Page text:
The Courier News from Blytheville, Arkansas on July 29, 1930 · Page 3
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July 29, 1930

The Courier News from Blytheville, Arkansas · Page 3

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Blytheville, Arkansas
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Tuesday, July 29, 1930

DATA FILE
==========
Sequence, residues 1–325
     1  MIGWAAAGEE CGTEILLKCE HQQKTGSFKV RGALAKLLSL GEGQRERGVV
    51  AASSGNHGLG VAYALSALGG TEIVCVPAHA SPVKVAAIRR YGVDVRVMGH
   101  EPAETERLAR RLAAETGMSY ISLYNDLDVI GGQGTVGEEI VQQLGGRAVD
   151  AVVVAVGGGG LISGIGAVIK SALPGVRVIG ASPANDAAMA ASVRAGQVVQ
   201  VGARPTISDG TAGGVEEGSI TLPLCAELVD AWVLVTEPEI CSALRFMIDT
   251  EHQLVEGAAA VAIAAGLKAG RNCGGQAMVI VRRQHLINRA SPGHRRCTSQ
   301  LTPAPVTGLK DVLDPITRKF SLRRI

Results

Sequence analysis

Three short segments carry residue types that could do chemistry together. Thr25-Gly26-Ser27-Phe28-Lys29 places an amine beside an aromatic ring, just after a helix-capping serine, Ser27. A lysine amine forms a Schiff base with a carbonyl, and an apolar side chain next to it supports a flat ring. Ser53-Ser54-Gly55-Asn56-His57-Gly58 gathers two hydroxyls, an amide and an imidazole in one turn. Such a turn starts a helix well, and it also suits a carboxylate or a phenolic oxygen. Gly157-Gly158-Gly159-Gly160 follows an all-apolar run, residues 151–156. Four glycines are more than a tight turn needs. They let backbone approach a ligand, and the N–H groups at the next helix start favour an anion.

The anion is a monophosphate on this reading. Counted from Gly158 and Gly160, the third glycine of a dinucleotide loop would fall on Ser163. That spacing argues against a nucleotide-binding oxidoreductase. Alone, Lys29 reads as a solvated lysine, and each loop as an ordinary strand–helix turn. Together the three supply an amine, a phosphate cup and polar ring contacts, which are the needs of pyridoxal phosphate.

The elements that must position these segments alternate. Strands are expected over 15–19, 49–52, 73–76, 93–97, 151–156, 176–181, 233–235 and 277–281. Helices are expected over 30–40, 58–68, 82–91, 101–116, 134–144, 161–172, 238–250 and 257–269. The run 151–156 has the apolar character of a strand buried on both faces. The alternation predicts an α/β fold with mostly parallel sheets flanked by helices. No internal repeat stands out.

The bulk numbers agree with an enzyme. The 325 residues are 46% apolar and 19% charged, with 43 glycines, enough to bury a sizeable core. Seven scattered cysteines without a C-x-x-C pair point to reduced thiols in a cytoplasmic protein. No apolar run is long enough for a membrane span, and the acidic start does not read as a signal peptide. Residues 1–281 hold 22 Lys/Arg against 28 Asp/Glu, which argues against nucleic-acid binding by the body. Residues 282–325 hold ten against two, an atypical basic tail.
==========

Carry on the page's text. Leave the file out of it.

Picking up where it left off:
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TUESDAY, JULY 29, 1930 BLYTI1EV1LLE, (ARK.) COURIER NEWS PAGE THREh CHAPTER I fkAN RORIMER bad been In Hollywood two weeks when he Sot an airmail Idler from Xlggy Young In New York. Klgey was on (lie Herald Tribune, and be was occupying the apartment in East <2ui) ntr=ct tint Dorimer liad recently vacated to go to Hollywood and a scenario-writing job with Continental Pictures. Horlmer was In a luirry to get up to )i<3 room and change Ills clothes. U was Saturday afternoon and rani Collier was going to pick him up to play golf. So when tlio clerk at the Roosevelt handed him Hie letter ilorlmcr stuck U in his pocket ami mado for tho elevators. Later on. attired In linen knickers and a light pull-on sweater, lie telephoned for a bellboy to hrlng him eomo ginger ale and ice am pick up a suit to be pressed. At the- knock on his door ho said "Como in." and Collier entered Irlumphantly escorting the grin nlng Filipino hoy and carrying tin tray himself. "Just In time," ho announcei cheerily. "Playing ibe nineteen!! Jiole. lirst?" "I'm hot," said rtorlmer, "an I'm thirsty, and I'm not in the bes of humor. Help yourself while clean out the pockets of this suit." Collier, mixing himself a Urln And taking \\ over to the comfor able arm chair beside the window said, "What's Hie matter, Dan Finding they don't appreciate you talent at Continental?" II Etretehed Ills long, well-propo tloned frame lazily and readied fo one of Roriiner'a cigarets. Dan gtuntod. "I learned today that tUey've cast Frederick Atwood as Mie newspaper reporter In 'Grim Holiday.' Can yon imagine that Eheik doing a convincing Job ns a newspaper man?" "Yon should be glad," Paul Collier told him, "that they're starting at last to make a picture of your story. When they buy them It doesn't always mean that they pro duce 'em. They do funny things In Hollywood." lie sighed. "Hurry up Storu INEST LYNN ( / conic from Tulsa la break '' n '° and yrah your patched." drink. Dan. I'm nOKIMER lijipcd the bellboy and dismissed him. "Here's a letter." he said, "from Zitgy Young." ile picked tip Ills glass, Enid "Here's how," nml sat on tlie bed. "Down the hatchway. 11 Collier re- ipomled mechanically. "What's Zlggy up to?" Itorlmer ripped open the letter, read and fiowncd. "It'i he fnitl presently. loug "I'll i a great" big P S I vou for life - M3yDC vou . can get known to put 'the b" a break ln llie movies. You've re:ui the postscript—Zig:jy always puts his news in He was never k punch in his lead." "How ir.nch does he v, p ant to borrow?" : Collier ashed lazily, and Rorimer got up from Hie lied with ao oath. "Can you beat that!" he exclaimed. "He wants me to look up some girl friend of his out here and try to get her a job in pictures. .Me! . . . Listen: " 'P. S. Be a regular guy for once In your life and do me a favor.'— And I've been doing nothing but favors for fcim ever since I've known him!—'There's a swell little girl out there in Hollywood from that dear old Tuisa. the town thai gave Zlgt'y Young to the world. Her nutne is Anne Winter and her fain Ily and my family have been iust like that ever since my voice start ed to change.'" "That's a long time," said Col Her, lefilling bis lisss. "Don't Interrupt," salt! Roriuter "Tv» Jn3t learned from Ann mother,'" lie read, "'that Anne lett for Hollywood about two weeks ago, all fired up with ambition to break into the movies. Her folks don't thiuk much of the Idea, but Anne's a trillc bull-beaded. 1 " "Most of them fire." Collier observed. "Listen," Rorimcr said and continued reading. "'I haven't seen Anne for about five years. She was nothing But a kid then—a trine leggy and with lots of freckles. If she isn't food-looking by this time she uever'will be, sad '.'. you rtes't look her np and buy her a dinner whenever she's hungry I'll bo off movies. [iers, and speat most ot his working hours around [he studios or Interviewing stars Ilorimer. be their homes. Like had known Ziggy jot some kind ot a pull or you wouldn't be out there yourself. And hose big stars Ilko Clara Bow and Dolores Del \Vbooiis can't'last forever, BO why not give Anne a ihance?' ' • . "That," Rorlmer announced, flinging the letter down on the bed. "is what I call a lot of crust. 1 should spent! my time and money being nice to a friend ot Ziggy Young's family down in Tulsa!" Collier was laughing heartlessly. "You haven't got a chance in the world to duck it." he said. "I'll bet Ciggy's already written to dear little Anne and she'll be expecting to hear from you." He added that tho neit time he saw Dolores Del Itio he would tell her give her a langh. • something to /COLLIER saw them nil. Ho wrote ^- J a daily column on Hollywood for an Iranressivolv lomr list of D3- Young in newspaper work In New York, hut ho and Rorimer bad become acquainted only on tbe iat- ler's arrival la Hollywood. It bad been a telegram from Young that had sent him down to meet Rori- uier'a train, and then, at Zlgyy's request, to attempt a practical joke. Dan Rorimer got his clubs from tbe closet and announced ha was ready to play golf but Collier said. "Not so fast. Yon can't throw 2i§sy,down. The old hoy would i do as much for you. lie's cot a, heart as hie as—" "As big as'a bird seed." said i ilorimer. "Anyway, Danny my boy. you can't throw Xigt'y down. What's Miss .Winter's nrldress?" "Some place on Homalne street." "Let me see'that letter. I'm going to cull np Information and Bee if she has a phone listed." Ho busied himself at the tele- phono arid, after getting infoima- lion, announced that there was no number." "Got n privately listed telephone, 1 suppose." said ftorimer a littlo bitterly. "Big stuff! Every cxlra. girl in Hollywood has one." "Send n telegram," said Collier. "Tel! her lo call you up and leave her phone number." "All right. And I'll send Zigsy Young a telegram, too." .ne. that be v»i a friend of KlggT Young's and would like li«r to get In touch with him at the Roosevelt. To Xlgsy Young ho wrote: "Am looking up .MlFs Winter stop 1 hopo you get nmidercd In a speakeasy." Then lio nud Collier, two allni, well-molded young men In soil )gs, proceeded in their ganio. It was half past six or later when .orimer got back to tho hotel, 'hero was a message for him ut ne desk when lio asked for his key. Ilts Winter had called In and had eft her telephone number, Glad- lone 5K5r>. Upstairs, chancing clolhcs again, }an gave the mailer some, thought, le was si III Indignant at /.ITO' 'onus's habit of taking everything or granted anil he didn't relish ibo dea of chaperoning EOino movie- itriiok girl nround Hollywood. Why u thunder did people come to lollywood, anyway, If they dliln'l iavo a Job lined up? They only adilcd to nn already nggrnviued .incmploymcnt problem. IE certainly wouldn't have coma out beie, lie lolil himself as he kli'ked off his shoes. If he hadn't been given a contract. And ho hadn't asked for his lob. either, it he lirtil, he iivohab]y wouldn't have got it. It bail been a rase of Continental Plenties liking a couple of Ills published stories and buying ono and inking nn option on [he oilier. And then the .executives nt Ihetr New York office bad talked about the opporlunities for good dialogue writers. And then the contract. X.ip.sy Young had called him ft lurky don, and llorimcr supposed he was. Ho grinned in recollection of tho party he bad thrown for some of his newspaper frienila. His fitrcwell parly. To n man they wished him well, but not one would ndinit li. They made dire prophecies; they predicted he would be back En New York before summer, with a pair of smoked glasses and a tin cup. And they hud sort of poured him onto the train. , Oh, well, it v.-ns a good party. His uiiiid went l>a?k to Anue Winter. Tlie slip of puper lu-arlnj! her message lay on the little stand 11 Kit voice was pinning, ilorliner I was ^wether unprepared to llnd It so. Nirv and low. and he bad cxiifrtrd a Mrlilcnl foiiml. full'ot fiivUi-s nml IOIIK legs. It bad poise. It made him Iliink thul Us owner kiK-w exactly what to do with It. Km 1 an uwkward moment be IKiiiM'il. Then he salil. "ViYll, how dii yuii like Hollywood?" Ami lie Ihi'tipUt lininedlately lt.nl It simmlrd very silly. "I'm In love with wlint I've seen of li." said Mlm Winter. "You see. 1'vi- had a rut her bad cold and hnvo liml to slay In. I'm not," she Im- tiiiid in inlil. "blaming It mi your cllmulp. 1 caught It on the train ciunliig out." ism inter lauKliefl. "I'm not n Oallfiunliii:." ho said. "I'm n stranger here tuo." "Oh. H-ally? Tlmt enrouraces in". 1 ' Jim-inier biild he felt a lltllu cuur- nxi! biinself and (jlanced (owanl Hie I ray uii the writing desk. "Are you lni*y this evening 1 ;" hw venluiTil. She WIIH not. "Tbat'8 line." Rorlmer said. "If ymi haven't eaten, perhaps you'd like to dine with me. If you're at all like me, you're not crazy about tuiiiit; alone." "I think lliat would bo lovely,' Fail! Miss Winter. "I wss just ntiniit 10 go out to dinner when you culb'ii." "It's a date tlien." said Horlmer "And later maybe wo can dance— unless yon think your cold. . ••Oh. I'm entirely over It now And I'd like to, very much." Itorlmer snld he wnnlil bo ovei ns soon as she was ready. "\Vi tiiTiIn't dress unless yon want to.' "Then I'll be ready when yon ar live." lie him!; up tlio receiver feeling decidedly better, lie even fell friendly once more toward Zlggy Dan Rnrimtr came from /Vrn 1 Yot!( lo wile scenarios. They went downstairs. At the telegraph desk Korimcr wrote a message for Anno Winter, explain besiile his bed. Paul Collier salrl In parting.' "Don't forget to call on >iiss Winter. And if she has a girl friend I'm out of town." Collier hail said he v.as ijoiiii: to Long Beacll. Rorimer picked np the slip of paper utid read It again. He thought: "I don't have to call her up--not tonight, anyway." Still, lie bad committed himself to Zlggy Young, and lia bad nothing to do lonlglil.' He rang for some ginger ale and finished dressing. -It was warm. ! E''cbruary 15Uinnd JUKI like summer, sno'wing In New Yo'rk^he. thought.'.' lie hoiwd £ig:-ry Young was kue'e .deep in stu^li. covering a fire or something. Wlie'n-lliG bellljoy came Rorimer. filled u glass. dranli it and picked up'- tlio tc'.vpbone. "Gladstone 5S55," he.said. ' Walling for the connection, tie reminded himself that he never did Imvc any luck on blind dates. Just big sap, be thought, and feivently cursed Xlsgy Young again. "Hello." he said, "Is this Misa Anne Winter?" It was. ".Tills Is Dan Rorlmer— 7.\\ f jninl noting tbo brilliant perfection ot teeth revealed by her smiling lips, vowed that bo would send Young. Standing before hhj dresser , xl( , gy Y(H]|1B a <, mv \ f 0 ( n, 0 ftntft In on Hollywood Boulevard. Ills How do you do, Jlisg Winter?" oundcd stiffly formal to him and intlrely Inadequate. Holding llie itrcct door open for her to pass hrough ahead ot him. li« mur- mired something about hoping be mdn't kept her waltlns loo loug !or dinner. "Of course not." she assured him 'Yon got out here so rin.lc.kly you mdsl have down." Rorimcr said, "Well.' here's mj airplane—hop In." Are. yon a gonii pilot?" "We're taking off. Stand by to a loop." he bald, anil-swung, til car around in tlie street In a llgl •Young's friend. You got my telu- gram, I see." Miss Winter said she bad and that it was kind of hint lo take the trouble. She adileil that it was nlca lo hear from one of Ziggy Young'; friends. lie gave a llnnl careful adjustment to his tie and with military brushes' did a litllo unnecessary work on his hair. It was brown hair, rather wavy nml ot a slightly coarse texture thai, once combed, required little attention. Hut Rorlmcr brushed It anyway—straight back aliovo the pars—and glanced critically nt tbe pan. A tanned reflection looked back at him from the glass, strong- mouthed, (inn of chin and blno of eye. A not nnuleaslng face, especially with n-gitrd to Ihe ejcs. which liail lltlle laughter wrinkle; nl llie slilr-s and were intense In their hlueness. lloriiner's watch showed a quar ter after seven. A block away from tbe holcl was the gnraKC where be kept his car n siuidy roadster of low price bit sporty line*. The evening, ho re llectcrl, climbing in behind th wheel, ntlslit Him out rattier wcl alter all. ' JAny choice hi the mailer ol eating • • ' places?" H R broiiRbl bis car to a stop She told him slie preferred lo presently in from of n small le.ive tlio choice to him. nparltucnl building and found, after looking nl the letter taxes in the vestibule, thai Miss Anno Wln- ler lived in Number Two. A door opened half way down Hie ground floor corridor in answer to his ring and the "blind date" came advancing lo meet him. Site said. "Hello, Mr. Rorlmer," In a nice conuaiiit> manner. "You see 1 w,ta mrly." ' Dun. teellni li»r wurm bandclnip she asked. Perfectly trustworthy as long as my mind Is on my work," be assured her, and was rewarded "by the pieasaul sound of her low- pitched laugh which told him that none of the Implications of, bis remark had escaped her. "Now then," Horlmer Bald, climb ing lu besido her. "where away? COM13 mlnutca later,.ns they wer being shown to a Inblo In ill reslnnrsnt. Rorlmer heard snntcon mil. "Hello. Dan." nnd.ho titroe lo see n young man wavlijK lo hi front one ot the ir.liles'alai'iE t' wall. . . Rorimcr said, "Hello.' Johnny and salulfd. and when..ha help Anne Whiter with lier'cout he Informed her:' "Tha't'a. Johnny. Rld : die. lie's n free-lance press 'agent. Anil tho girl wi(h 'lilnt Is OlIHa Ma'rilen." ' -. ' ' : '. "I saw her ns' we came .In:" Anne- \Vlplcr. sold. "I'yo , hea'rd^ e lot. about her, of ronrejel-j'-lvthlnk;site's Just lovely."' I'm- tiimjitef jtiiv.!'!"! 'd'.iitai'e," -• /;'.' V j. :': J'-V 1 ;.. .'.i •'• '"Lots 'of pc(ip'lc- 1 :do,"V.Ror!rner sold. - "I-'ll liavt't.o' 1 l:cU'yb'li--'4W!it loli'uny -later. '• He'8,;(i'iilte,/a-.' Ixiy. You see, lie has 'a littiioh 'Of-'hiuvle siara for clients'—01lvlV..V»rdcn..f3 one—nml he falis'-ln Jo.ro-.'wl.tlt every on,D' In luVn.\ v -. ' .-'Shall' 1 order-for'you?". ' '/ -- -...'' Slio 'nodded. : "I'll love-tri- hove xfore m»li," $be leaned across the able towfcrft him and eahl, "AuC ow you'll have to tell me all about our? elf." Horlmer untied, and his. nose ex- tdeil thin streams ot smoke. '"All?".lie said. "Well, nil yon discreetly ran." "Well, I'll Rive you a lalilold ver- ilon. Dorn In Knnxvllle. 'IVlines- :cc. Went to Echool at Vt'iderhlli. Worked on a paper In Nashville, jnd another one In Detroit. Went 0 New York Bud worked on a 'Oiiplc of snore there. .Met XlRgy YOUII); on the Herald Tribune anil rooiiind with him for n while. When 1 went over to (lie Telegram -we split nn, K\fsy having nlKbt hours niul I working ilnys. Not so good for sleeping. If you know what I menu." She nodded and smiled, llorlnfer continued: ."Wrote -a short story while I was on the Telegram, Irased on a murder story I covorpil. Mitch lo my surprise, 1C is accepted. Wrote another one out a certain high-hat prize- bier and thai was ncceptcd. Then KOt n swelled head anil listened o attentively lo my llternfy agent, lio nOvlacd me lo give.up news- pcr work anil devote my lime to ction. ... in a lillle loss than a . ear 1 wrote 12 short atorli'S and a ay. Two of the atorlei were ac- eplcd. The play Is still kicking . round Broadway and by Ibis time ttiKt bavo been turned down by rery producer 111 New York." JB stoppeil. "Still Interested?" ^ She nodded eagerly. "All rluhl, If you insist. Two nl of 13 la not so good—especially '" t the prices I sot." He stnllen vryly at some recollection ns In xplnineil that more than once ilnr- ng his year ot free-laulng lie bad regretted divorcing hlnisclf from a ' veekly payroll, ^rlde. be said, was lie only thing that kept him from going back to auk' for his old news- >aper Job—pride nntl Ibe go'cd- naturcd razzing his old associates would have flven him. "They used to call me 0. Henry and nsk me If I was eatlns regti- lurly. I always did," he said, study- Ing tho clgnret In hit} lingers', "but toward the last I was going without lunch and trying to kid myself that llirec tnenls a day was too much. "Then. Miss Hunt—my ascnt— ' sold out' ot my stories to C'ontl- nenlfll 1'lcturcs." 'He stopped abruptly and extinguished his rl.H:t- et at bight of tiielr waiter retnrn- ng. Anne Wlnler watched him allcn- Ivety. . Shu was u good . llstVuci'. Sbe-rcstcd'licr elhows on the. table. He mid, "Hnvt you been to the Brown Derby?" "Just once—for lunch." "Let me see. now. Would you like to go to the Dlossnni Room nt tho Roosevell? Thai's n good place to eat and dance, but It's a llltle early. I'll tell yon; lei's have dinner at the Drown Derby mid. then go lo the Hlossom lloont lo dunce?" Site nodded her bead vlwi'eu*^. "Check!" you. It's ' en con)fo,rllhg ; .lo have someone do It for yon." • •-. " "It's a gift," aald'Horlrupr.'.Iansh Ing". "I merely choose wha.t I.want myself and then double the-'order, 1 ' Nevertheless, she noted, ,.)io studied tlio menu with considerable care anil Itirned now and'Inch to ask n (juesllon of the waller. supporting l|cr clilii.ln her bauds. She leaned'back now as the,waller ilaccd dishes before them, hut said, when'be had departed 'again": "Yon mve'n't finished. I can't-eat until I bear tho real.'.''. '_ -. • .•'•'- There-wi 1 !, liorliner eald. little else fo tell. Someone nt Continental liad. thought .tie liked lidrliiier's stuff well enough to.offer hint a can- tract. ''Someone without- much judgment: • And that's the end of the story." "•• -- . v : "ilave..tliey made a plciiire, jvt from'youv story?" she asked. "What Is trie."name'qf. 112" .'..":. '.";'• Ilorimer said that, production was about to si art. said, was ills knows what they'll call It wlien Ihey-re through wllb it." . He spoke 'wlllt a shade ot resentment. Anne Winter, watching him, "firlni Holiday." ho story. "Dt'it Lord Wli»s he had ilnishecl, nnd offered (thought she saw rebellion in Mi her » clgaret which sbo declined |eycs and in the set «f his lean Jaw. I »lth a ami-mured "No thiinks—not] (T» Be Continued) How to Decorate a Home Economically (Continued from page one) I tltat lie had heard from reliable I sources that a "slavcdrlver" on the I Inrm hnd stated to one ot the bro- Ithers that tr.cy ought, to "(rive them I less beans and more cowhide, and 1 they would make more money on' [of them." He went on lo say that I it has been since Nov. 4, 1929. sine? I any part of the fines I hat the IBrlnklcys are supposed by contract I lo pay tlie county has be?r. paid. 1 "Barnaul pays lie can't do any- I thing about it. Yet the county court Itccord sho-.is two plain provision? lot the contracl have been violated land that thus the contract can te I immediately suspended. If Judge I Barham can't do any good, yov I need a county judge." I Harrison said that the present I county farm board has many good I men en It. but that it. is only a fi?- liirehrrid. powerless and without le- Igal existence. U Harrison also critirized thf meth- I(Hl by which the extra two mill trt- • was imiwsed upon property. Many I scaped paying it. lie said. .15 i' I was only n voluntary tax. The pooi llellows were the suckers again, he Isaid. He said that Barham's man- Ingemnu of the common pleas court I was very inenicient. and that In Itifed the road commission as a vote I getting machine. Harrison went en Irecord for an equalization ol as|s ess men Is. Alexander and Watkins only poke o few minutes. They happen- lert to be hi town meeting the vot- jrr.-. and used the Harrison mse'.m Ito say a few words to the crowi llhnt itnd ns$«mbled, Sunny yellow walls, yellow, green an ^ rc(l g\ 1It( \ chintz curtains, n Iwo-tonc fvttn rug. and two-win? chairs 'and a gat Icj tablr, all ma pie reproductions of cnrly Ameri can pieces, give an Inexpensively; furnished room real charm, dignity and biauly. of distinguished beauty. Strive for Simplicity Keep things simple, have n minimum of pieces, and slick lo jj.i. color scheme; these seem to be the first, principles. Remember a small place looks much larger and more dignified it not cluttered up. Pick a color scheme Ihr.t can be matched up in inexpensive accessories because some tones are million- dollar hues and are n mistake for the average home. An excellent color scheme combines G most, livable green with tawny yellow and seme burnt reds suggestive of maple leaves In autumn. Walls can be tha tpretty. sunny bulf against which both furniture and picture. 1 look well and which makes a room seem cheerful whether yon happen to feel that way or not. For your living room yon may like the following list of equipment, all of the wood pieces being maple reproductions of early- American. First, a single daybcd couch, with green cover made with pleated flounce, with a maple coffee table in front of it. Next, two wing chairs, one with maple arms and legs, with llie seat and back of gay calico in the room's colors. Ihe other upholstered In a glazed floral chintz, iu bokicr pattern, with a flounced skirt about its maple legs. With these, a drop leaf table that can be used for library purposes to hold books, a vase ot flowers and magazines by day and b? BY JUI.IA ni/ANSHAIU) NEA Service Writer NEW YORK.—Charm and .Jis- "p-tion in a home arc by no means Just a cold cash proposition. With Inexpensive furniture and furnishings as comfortable and lovely as they arc today, given good tasle and n litl<- time, miyone with a moderate salary can evolve an at tractive place worthy of (he name "Home." The smaller the furniture bud- jet, the more scrupulous must be tlie care taken to gel exactly whai is wanted and needed—the iwrfec' kind of chair, table, and so on. hti _ right color and the fight nricr. / I has a chance to enjoy n background good plan is to start with a skeleton equipment and then fill In, taking advantage of furniture sales. A current exhibition at the Art Center proves that you really cati have a pretty home, though not earning a whale ot a salary. opened up for a formal meal at couple living on $30 to $50 a week dinner time. Two low butterfly tables serve as accessories to comfort near Ihe chairs. Tne curtains may be a glazed chintz In yellow and green with a t-ile design in red and they may be made long and rather dignified lo heighten the formality ot the room. A couple of prints, framed in greeri, n reading lamp that Is a reproduction of »n *arly American lamp and a two-toned rug In green, and your room Is tremendously pleasing and delightfully livable. Yon can add a couple ot good straight chairs, or Windsors, as you see HI and the budget corroborates your decision. And you may add a low rocker without arms, for rockers are coming in again and Ihere is no denying the relaxation of a comfortable rock. To keep up the color scheme you can have your bedroom papered in a dainty figured design against a light green, with small hooked rugs on the flcor and a four-poster bed, chest of drowers. bedside table and easy arm chair all of maple. The chair may have cretonne back and seat patterned like the wallpaper; or plain green or yellow. And your kitchen can be a gay yellow, with pots and pans in cream with bright rrcen rims. If you do make your entire home i unit, you can move your chairs ;rom one room lo tlie other, when you have company, for instance. Also, ther( is a sense of unity and peace about a home that is consistent in Us general color scheme. But do not duplicate the scheme, exactly, in any livo rooms. For nothing is deadlier than monotony which conies from lack of variety. Tills may sound like a lather.jx- pensivc undertaking for the average small-salaried couple or bachelor or business woman. But this | whole apartment was planned with i an eye lo helping the small-salaried family. By careful budgeting and by extremely careful buying, it can be done. But the cntrc scheme must be worked out n paper a'to | dollars and cnts first. It is by i planning that you gt the kind ol ] home your friends envy you, the ' kind they love to be invited to. Mother, 20, Held as Kidnaper month-old baby, with whom she 1'; shown here, from the home of her estranged farmer-husband. A posst of farmers armed with shotguns captured the "kidnapers." The mother charged her husband recently "stole" Ihe baby from net. Relieves a Hradaelie or NenrilsU 30 minutes, checks a Cold Ihe first day, anA checks Malaria in hree days. 666 also in Tablets Bead Csurter News Want Adi Mrs. Mildred Sorcnsoii, 20. tonne chorus girl, was jailed at Sioir City, In., charged willi leading i kidnaping partf to recover her 20 666 JELLIES' KEPT FRESH and SWEET the .Winter thru under this MOULD PROOF